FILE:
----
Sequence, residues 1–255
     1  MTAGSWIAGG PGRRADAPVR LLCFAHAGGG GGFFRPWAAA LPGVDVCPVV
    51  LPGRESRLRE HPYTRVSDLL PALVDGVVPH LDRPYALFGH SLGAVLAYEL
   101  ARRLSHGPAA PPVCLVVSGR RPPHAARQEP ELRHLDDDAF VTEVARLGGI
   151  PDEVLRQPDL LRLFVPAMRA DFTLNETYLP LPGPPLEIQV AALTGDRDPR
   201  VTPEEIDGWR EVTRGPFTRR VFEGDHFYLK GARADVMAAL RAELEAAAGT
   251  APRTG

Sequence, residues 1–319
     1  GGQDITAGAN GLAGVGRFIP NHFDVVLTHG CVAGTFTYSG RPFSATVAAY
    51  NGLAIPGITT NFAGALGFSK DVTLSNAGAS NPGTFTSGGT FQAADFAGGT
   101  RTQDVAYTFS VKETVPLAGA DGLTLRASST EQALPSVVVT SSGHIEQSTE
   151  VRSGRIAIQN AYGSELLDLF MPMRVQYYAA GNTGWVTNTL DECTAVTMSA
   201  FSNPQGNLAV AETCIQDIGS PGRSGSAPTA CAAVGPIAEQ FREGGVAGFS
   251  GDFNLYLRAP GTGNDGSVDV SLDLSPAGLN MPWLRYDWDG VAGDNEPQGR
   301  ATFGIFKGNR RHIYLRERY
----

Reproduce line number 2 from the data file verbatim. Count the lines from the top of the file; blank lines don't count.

     1  MTAGSWIAGG PGRRADAPVR LLCFAHAGGG GGFFRPWAAA LPGVDVCPVV